There are plenty of options for replacing missing teeth, but dental implants are by far the strongest, most durable, and most natural-looking option on the market. Dental implants can fill in a gap in your smile, repair a bad bite, and prevent nearby teeth from shifting, among other benefits.
And the best part is, they function just like your real teeth! They’re able to do this because, just like your real teeth, dental implants are anchored in your jaw bone. But instead of roots, dental implants are mounted on titanium screws that your jaw bone bonds to, in a process called osseointegration. Although dental implants are already a very successful procedure, exciting technology might make them even more efficient.
Nanotechnology and Dental Implants
Nanotechnology refers specifically to engineering performed on a nano scale — that is, from 1 to 100 nanometers in size. (In case you aren’t awestruck by that scale yet: A nanometer is one billionth of a meter, there are over 25 million in an inch!) Titanium has remained the biomedical metal of choice for more than sixty years due to its high biocompatibility and resistance to corrosion. Bone is able to bond to titanium, which is what makes it so ideal for use in dental implants. Titanium has its shortcomings, but there isn’t a better option available — or at least, not yet. This is a problem that nanotechnology researchers are hoping to solve.
There are three leading areas of research in this field: Ceramic coatings, surface functionalization, and surface topography.
Ceramic coatings are intended to mimic the mineral phase of bone tissue, making it easier for cells to attach and bone to form. Ceramic coatings have shown promising results in animal trials, including faster healing time and stronger bone formation. A coating on the implant also allows for the application of anti-inflammation agents to the surface of the implant, which could reduce or eliminate the need for post-surgery medications.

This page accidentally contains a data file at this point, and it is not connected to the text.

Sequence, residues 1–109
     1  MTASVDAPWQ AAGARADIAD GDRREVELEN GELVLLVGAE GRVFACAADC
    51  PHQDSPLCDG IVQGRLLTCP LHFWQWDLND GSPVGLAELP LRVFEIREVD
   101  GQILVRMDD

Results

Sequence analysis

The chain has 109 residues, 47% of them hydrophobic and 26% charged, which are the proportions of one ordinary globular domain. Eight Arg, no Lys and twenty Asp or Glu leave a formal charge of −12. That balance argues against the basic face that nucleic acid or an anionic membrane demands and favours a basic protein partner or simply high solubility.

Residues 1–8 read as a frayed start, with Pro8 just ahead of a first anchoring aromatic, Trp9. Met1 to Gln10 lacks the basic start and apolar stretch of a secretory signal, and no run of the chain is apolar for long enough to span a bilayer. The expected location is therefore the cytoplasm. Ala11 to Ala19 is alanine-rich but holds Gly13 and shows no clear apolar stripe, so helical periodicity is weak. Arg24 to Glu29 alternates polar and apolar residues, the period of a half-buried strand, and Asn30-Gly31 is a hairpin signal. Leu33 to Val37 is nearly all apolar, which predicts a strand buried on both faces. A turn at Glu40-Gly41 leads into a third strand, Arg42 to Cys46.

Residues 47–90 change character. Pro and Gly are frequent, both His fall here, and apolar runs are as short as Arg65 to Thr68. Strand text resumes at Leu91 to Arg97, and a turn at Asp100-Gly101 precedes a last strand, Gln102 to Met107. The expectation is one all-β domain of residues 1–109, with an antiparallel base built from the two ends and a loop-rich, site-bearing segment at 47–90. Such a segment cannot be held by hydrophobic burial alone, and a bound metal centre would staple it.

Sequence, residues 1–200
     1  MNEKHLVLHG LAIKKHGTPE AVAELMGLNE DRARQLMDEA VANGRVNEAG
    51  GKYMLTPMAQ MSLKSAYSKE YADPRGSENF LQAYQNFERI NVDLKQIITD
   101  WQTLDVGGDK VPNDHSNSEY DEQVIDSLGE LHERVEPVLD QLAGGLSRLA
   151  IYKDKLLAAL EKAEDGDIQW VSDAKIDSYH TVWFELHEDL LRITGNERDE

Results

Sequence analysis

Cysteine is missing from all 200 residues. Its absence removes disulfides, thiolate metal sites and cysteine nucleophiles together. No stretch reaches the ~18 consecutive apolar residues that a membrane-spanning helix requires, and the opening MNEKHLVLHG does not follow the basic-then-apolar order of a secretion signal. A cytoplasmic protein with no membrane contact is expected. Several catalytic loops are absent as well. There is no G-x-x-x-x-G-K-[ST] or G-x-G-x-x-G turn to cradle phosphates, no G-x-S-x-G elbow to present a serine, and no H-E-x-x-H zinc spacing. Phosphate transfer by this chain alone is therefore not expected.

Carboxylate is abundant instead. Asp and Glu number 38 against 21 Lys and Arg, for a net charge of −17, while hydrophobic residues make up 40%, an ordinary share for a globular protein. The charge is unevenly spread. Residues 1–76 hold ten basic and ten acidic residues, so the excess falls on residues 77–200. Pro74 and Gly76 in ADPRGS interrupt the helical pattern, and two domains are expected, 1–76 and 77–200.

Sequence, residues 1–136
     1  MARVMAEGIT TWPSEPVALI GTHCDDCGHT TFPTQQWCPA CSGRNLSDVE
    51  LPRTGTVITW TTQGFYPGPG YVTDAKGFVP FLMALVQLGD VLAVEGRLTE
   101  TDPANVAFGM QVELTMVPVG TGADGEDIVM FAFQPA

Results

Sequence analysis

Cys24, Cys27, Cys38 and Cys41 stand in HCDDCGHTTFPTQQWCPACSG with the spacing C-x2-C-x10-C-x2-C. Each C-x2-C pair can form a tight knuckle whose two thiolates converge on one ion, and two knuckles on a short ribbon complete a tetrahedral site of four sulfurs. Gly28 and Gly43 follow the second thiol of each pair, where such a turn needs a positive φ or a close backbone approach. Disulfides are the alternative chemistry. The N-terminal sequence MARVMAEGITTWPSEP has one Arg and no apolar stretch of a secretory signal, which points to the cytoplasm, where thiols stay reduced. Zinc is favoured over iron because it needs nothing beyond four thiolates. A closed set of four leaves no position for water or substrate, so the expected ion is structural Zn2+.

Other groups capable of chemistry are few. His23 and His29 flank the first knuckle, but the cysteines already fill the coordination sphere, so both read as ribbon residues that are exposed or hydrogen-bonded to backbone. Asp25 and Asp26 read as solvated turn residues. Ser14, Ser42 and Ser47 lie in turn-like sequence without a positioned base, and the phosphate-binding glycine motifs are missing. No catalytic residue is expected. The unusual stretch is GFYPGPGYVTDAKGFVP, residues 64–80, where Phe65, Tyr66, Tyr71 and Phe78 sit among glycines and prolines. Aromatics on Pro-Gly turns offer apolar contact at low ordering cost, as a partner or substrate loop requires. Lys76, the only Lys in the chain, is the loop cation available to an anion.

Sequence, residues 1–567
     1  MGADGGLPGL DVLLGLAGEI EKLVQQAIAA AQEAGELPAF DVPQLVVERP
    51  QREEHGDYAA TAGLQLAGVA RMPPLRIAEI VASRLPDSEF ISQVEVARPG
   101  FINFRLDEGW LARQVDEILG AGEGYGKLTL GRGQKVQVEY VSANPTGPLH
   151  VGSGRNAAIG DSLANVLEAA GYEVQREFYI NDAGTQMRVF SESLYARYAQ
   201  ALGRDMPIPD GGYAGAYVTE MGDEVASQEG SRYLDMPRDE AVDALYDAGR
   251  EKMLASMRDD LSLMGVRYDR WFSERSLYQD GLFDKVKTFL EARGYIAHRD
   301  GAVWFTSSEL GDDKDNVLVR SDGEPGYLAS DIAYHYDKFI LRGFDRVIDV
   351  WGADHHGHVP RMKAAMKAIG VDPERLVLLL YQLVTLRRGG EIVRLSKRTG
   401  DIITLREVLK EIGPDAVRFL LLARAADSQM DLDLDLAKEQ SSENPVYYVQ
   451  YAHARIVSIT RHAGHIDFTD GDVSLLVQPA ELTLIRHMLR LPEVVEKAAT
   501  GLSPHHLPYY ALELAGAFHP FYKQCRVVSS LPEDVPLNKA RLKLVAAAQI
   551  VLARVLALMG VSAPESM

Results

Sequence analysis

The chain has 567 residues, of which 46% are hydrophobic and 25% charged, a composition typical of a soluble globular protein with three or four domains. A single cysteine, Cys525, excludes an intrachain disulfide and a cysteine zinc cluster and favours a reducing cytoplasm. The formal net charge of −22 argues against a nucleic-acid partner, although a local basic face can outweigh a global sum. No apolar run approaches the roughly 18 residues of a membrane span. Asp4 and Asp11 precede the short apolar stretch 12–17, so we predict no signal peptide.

Surface functionalization refers to a method of coating dental implants using molecular grafting or chemical treatment in order to create hydrophilic surfaces (that is, surfaces that don’t repel water). Some scientists theorize that a hydrophilic implant surface will facilitate bone-to-implant contact, promoting faster integration.
Surface topography means changing the texture of the surface to make it more compatible with bone tissue. Textured implants have been tried in the past, but it’s hoped that smaller surface structures will improve the impact.
Technology for the Future
Unfortunately, while nanotechnology holds the promise of even more effective dental implants, it is still experimental tech. It will be many years before these improved implants will be available commercially. Luckily, dental implants already boast a success rate as high as 95 percent, and have been known to last a lifetime with proper care.
If you are in Westchester County and would like to discuss dental implants, please contact the experienced implant dentists at Advanced Dentistry of Mohegan Lake to schedule a consultation.